“The paper’s got writing all over it.” Charlie dug into his trouser pocket and withdrew the paper once more and put it on the table beside his bread plate.

“May I look at it?” she asked, and returned his slice of bread to his plate.

He nodded, took a huge bite out of the bread and chewed.

Adele wiped her fingers on a napkin, and picked up the note. It was a narrow strip of paper and had curled up on itself in a loose scroll. It had been crumpled from Charlie’s pocket, but it did not have any sharp folds in it.

She spread the note out, turned it around so the handwriting was the right way up, and examined it. The letters had been written in normal black ink, with a broad nib.

Sehr geehrte Frau Dr; the note began.

Adele drew in a sharp breath. She attempted to cover up the telling sound by stirring on her chair and looking at the note from several different angles, while her heart thudded heavily.

There was only one more line, and it was not German, as the salutation was. It was not English, either. It was an unbroken line of letters. Quite ordinary letters, but they made no sense whatsoever.

“Charlie, where did you get this?” She tried to sound unconcerned.

Charlie lowered the bread, wariness building in his face. “Nowhere.”

“You certainly didn’t pick this up on the street. It’s far too clean. And it wasn’t in an envelope, for it hasn’t been folded. It has been rolled, instead. I can’t think of a single situation where a note of this kind would be rolled and left out where just anyone could come across it.”

Charlie shrugged, his gaze on the knife as he dropped marmalade onto his second slice of bread.

“Charlie, this is important,” Adele said. “The note…” She hesitated. “You must tell me, Charlie. It’s possible that…well, you may have stumbled into some trouble over it.”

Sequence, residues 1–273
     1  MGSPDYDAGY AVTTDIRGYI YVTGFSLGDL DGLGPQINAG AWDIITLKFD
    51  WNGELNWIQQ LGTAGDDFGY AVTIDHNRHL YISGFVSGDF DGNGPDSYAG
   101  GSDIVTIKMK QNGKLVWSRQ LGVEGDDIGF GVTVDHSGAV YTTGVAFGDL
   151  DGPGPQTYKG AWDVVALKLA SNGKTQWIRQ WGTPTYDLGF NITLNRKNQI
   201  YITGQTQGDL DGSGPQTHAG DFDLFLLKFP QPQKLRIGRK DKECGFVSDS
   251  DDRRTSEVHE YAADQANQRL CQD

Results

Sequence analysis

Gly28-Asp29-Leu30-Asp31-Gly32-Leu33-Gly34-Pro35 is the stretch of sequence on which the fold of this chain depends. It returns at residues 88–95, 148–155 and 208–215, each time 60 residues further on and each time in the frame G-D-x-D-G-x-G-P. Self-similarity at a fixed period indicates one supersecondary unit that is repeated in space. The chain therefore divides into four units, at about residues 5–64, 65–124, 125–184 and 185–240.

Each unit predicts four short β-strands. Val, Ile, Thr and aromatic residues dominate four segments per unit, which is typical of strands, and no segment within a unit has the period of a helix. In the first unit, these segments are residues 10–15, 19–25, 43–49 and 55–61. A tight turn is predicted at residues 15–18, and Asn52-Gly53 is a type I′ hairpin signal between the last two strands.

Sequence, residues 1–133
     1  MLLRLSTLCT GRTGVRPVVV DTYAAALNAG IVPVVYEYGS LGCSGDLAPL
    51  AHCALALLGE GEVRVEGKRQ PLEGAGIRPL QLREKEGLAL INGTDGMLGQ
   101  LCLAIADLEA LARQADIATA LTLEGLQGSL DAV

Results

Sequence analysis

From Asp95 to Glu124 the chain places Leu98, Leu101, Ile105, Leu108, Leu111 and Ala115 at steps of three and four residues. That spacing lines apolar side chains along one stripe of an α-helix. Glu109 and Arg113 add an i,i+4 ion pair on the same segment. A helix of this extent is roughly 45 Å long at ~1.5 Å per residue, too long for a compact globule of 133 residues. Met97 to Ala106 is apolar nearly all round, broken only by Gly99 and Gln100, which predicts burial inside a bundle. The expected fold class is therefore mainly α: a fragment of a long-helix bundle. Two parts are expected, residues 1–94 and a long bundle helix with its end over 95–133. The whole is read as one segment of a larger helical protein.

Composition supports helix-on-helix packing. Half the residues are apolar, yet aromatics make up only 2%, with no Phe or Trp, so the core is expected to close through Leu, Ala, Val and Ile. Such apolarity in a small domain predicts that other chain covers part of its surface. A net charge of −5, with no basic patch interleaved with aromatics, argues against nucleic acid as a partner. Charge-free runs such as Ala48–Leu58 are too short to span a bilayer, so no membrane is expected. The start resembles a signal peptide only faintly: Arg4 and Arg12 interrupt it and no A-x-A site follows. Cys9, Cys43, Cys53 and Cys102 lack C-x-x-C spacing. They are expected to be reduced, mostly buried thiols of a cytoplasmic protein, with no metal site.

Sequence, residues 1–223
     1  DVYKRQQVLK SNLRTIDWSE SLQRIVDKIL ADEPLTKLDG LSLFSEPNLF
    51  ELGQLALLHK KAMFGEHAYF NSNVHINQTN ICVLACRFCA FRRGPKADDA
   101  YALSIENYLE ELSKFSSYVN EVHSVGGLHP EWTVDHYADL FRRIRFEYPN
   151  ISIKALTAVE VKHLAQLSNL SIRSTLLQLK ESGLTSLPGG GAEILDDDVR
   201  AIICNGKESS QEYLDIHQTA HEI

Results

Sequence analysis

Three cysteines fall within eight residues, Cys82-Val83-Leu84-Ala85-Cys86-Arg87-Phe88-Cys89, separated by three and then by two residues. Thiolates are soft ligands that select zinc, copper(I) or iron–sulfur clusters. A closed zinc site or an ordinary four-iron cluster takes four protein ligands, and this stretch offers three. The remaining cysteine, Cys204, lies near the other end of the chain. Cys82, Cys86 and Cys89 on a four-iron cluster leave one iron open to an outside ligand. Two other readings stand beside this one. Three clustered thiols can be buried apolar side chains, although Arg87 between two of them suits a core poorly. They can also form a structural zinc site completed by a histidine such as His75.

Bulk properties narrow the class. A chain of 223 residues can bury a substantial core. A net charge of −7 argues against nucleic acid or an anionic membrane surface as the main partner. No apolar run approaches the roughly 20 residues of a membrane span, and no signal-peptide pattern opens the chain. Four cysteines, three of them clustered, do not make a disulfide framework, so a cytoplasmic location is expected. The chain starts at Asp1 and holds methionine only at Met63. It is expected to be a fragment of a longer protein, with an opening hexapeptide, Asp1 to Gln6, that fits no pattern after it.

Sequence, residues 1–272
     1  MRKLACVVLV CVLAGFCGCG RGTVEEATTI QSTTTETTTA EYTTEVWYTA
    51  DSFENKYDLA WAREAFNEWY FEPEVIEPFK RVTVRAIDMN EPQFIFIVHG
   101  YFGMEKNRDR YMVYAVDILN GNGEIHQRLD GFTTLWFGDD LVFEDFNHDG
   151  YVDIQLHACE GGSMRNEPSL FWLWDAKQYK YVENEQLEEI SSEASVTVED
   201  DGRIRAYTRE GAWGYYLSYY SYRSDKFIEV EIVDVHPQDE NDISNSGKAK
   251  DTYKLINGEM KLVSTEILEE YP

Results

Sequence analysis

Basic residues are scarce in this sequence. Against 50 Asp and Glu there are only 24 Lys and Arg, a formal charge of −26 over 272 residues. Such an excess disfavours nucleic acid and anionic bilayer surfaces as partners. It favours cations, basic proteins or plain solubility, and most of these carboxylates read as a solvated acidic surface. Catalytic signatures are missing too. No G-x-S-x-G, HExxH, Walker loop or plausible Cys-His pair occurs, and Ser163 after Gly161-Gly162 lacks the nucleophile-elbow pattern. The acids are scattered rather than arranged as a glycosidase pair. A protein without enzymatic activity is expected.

Charlie’s gaze met hers. He understood trouble. Then he shook his head. “Nah, no bother’ll come of it. It was in a milk bottle, see?”

She sat back. “A milk bottle?”

He nodded, chewing quickly. “Funny sort of milk bottle, too. Thought it was full, ‘til I took the lid off. Blasted thing was empty.”

That was why he’d tried to sell the note for milk. He’d thought he’d successfully stolen someone else’s milk from a milk bottle holder sitting on a doorstep.

“The inside was painted, to look like milk?” Adele asked, keeping her tone light.

Charlie nodded again. “Note was inside it. You like funny stuff, ‘n you can read, so…”

She kept her gaze on the note. “And it was the only full bottle in the holder? The other bottles were empty?”

“That’s why I took it. You know somethin’ about this, then?”

“I’m guessing, Charlie.” She looked at him squarely. “It doesn’t sound very good,” she said gently.

“What doesn’t sound very good?” came the enquiry from the kitchen door.

Adele let the note roll up, pushed it into her pocket, put a smile on her face and turned to the door. “Isa, you’re up. Just in time for tea.” She stood and gestured to her chair. “Toast and marmalade?”

Isa Hess was a woman of about Adele’s age and height, but while Adele was dark haired, Isa had golden-white hair and fine Aryan features, including crystalline blue eyes. She had been Adele’s dearest friend when Adele had lived in Cape Town. Finding Isa standing at her front door two days ago had been a wonderful surprise. Adele had insisted Isa stay with her while she was in London, and had spent the last two days and evenings showing Isa her beloved city.